While research shows that men experience emotions just the same way as women, they may be more emotional during breakups.

A lot of men especially from 17 to 30 years of age are highly affected by the emotional pain caused by relationship problems and not the general problem itself.

Studies carried by Ryan Boyd showed that men discuss heartbreak significantly more than women. These findings suggest that the stereotype of men being less emotionally invested in relationships than women may not be accurate.

Most men experience a downward spiral when most of these heating emotions go unaddressed. Unaddressed emotions are not wiped off by the brain, for it was not structured in a way to totally forget but rather to suppress them.

The same unaddressed emotions will always find a way crawling into the future and sometimes in unwanted and ugly ways.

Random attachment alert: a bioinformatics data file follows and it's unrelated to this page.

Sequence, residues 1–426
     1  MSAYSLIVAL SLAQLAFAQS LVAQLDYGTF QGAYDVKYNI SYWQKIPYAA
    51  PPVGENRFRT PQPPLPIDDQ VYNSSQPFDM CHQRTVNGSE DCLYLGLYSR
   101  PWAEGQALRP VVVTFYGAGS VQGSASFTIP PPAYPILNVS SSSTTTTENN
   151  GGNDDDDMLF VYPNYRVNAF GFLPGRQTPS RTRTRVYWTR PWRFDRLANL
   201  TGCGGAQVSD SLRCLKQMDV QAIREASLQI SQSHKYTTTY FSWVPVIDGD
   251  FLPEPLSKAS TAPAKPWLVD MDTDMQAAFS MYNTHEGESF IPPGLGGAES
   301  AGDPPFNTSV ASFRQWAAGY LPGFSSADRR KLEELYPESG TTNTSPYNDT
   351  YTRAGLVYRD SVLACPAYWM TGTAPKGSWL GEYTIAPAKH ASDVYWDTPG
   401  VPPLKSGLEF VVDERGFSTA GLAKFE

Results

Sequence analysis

The Tafadzwa-Samantha saga is a good example that demonstrates this.

Tafadzwa had relationship problems with his girlfriend Samantha, who was not reciprocating his love advances.

Tafadzwa noted in the audio that he spent a lot of money on Samantha, supporting her relatives and family members to prove how much he loved his girlfriend and hoping to ward off competition from another suitor, a married man.

What is clear from his sad narrative is that the affair lacked reciprocity.

The relationship lacked mutual exchange of energy and support between the partners, with the girlfriend (Samantha) thought to be having a secret affair with another person.

However, you might have all the money needed to impress but who would want an emotionally and physically abusive husband. It all comes back to our emotions and ‘small kindness perception.’